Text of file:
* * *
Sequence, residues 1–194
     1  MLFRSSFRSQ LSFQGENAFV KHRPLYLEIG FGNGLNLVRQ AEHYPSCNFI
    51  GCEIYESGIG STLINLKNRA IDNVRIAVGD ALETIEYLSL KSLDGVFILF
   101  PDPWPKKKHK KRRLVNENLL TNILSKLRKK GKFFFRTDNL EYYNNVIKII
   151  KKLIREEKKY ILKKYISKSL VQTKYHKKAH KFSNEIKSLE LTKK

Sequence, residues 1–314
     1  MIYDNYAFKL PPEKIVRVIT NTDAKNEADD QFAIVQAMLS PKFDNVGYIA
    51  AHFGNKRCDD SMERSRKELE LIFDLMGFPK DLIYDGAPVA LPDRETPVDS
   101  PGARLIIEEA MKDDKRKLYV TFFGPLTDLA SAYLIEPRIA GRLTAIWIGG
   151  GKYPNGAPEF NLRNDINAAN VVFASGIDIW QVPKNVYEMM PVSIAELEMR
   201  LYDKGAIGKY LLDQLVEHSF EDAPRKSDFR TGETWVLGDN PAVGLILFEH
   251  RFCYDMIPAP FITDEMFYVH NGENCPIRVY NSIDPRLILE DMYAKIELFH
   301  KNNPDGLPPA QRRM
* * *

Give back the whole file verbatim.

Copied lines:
Sequence, residues 1–194
     1  MLFRSSFRSQ LSFQGENAFV KHRPLYLEIG FGNGLNLVRQ AEHYPSCNFI
    51  GCEIYESGIG STLINLKNRA IDNVRIAVGD ALETIEYLSL KSLDGVFILF
   101  PDPWPKKKHK KRRLVNENLL TNILSKLRKK GKFFFRTDNL EYYNNVIKII
   151  KKLIREEKKY ILKKYISKSL VQTKYHKKAH KFSNEIKSLE LTKK

Sequence, residues 1–314
     1  MIYDNYAFKL PPEKIVRVIT NTDAKNEADD QFAIVQAMLS PKFDNVGYIA
    51  AHFGNKRCDD SMERSRKELE LIFDLMGFPK DLIYDGAPVA LPDRETPVDS
   101  PGARLIIEEA MKDDKRKLYV TFFGPLTDLA SAYLIEPRIA GRLTAIWIGG
   151  GKYPNGAPEF NLRNDINAAN VVFASGIDIW QVPKNVYEMM PVSIAELEMR
   201  LYDKGAIGKY LLDQLVEHSF EDAPRKSDFR TGETWVLGDN PAVGLILFEH
   251  RFCYDMIPAP FITDEMFYVH NGENCPIRVY NSIDPRLILE DMYAKIELFH
   301  KNNPDGLPPA QRRM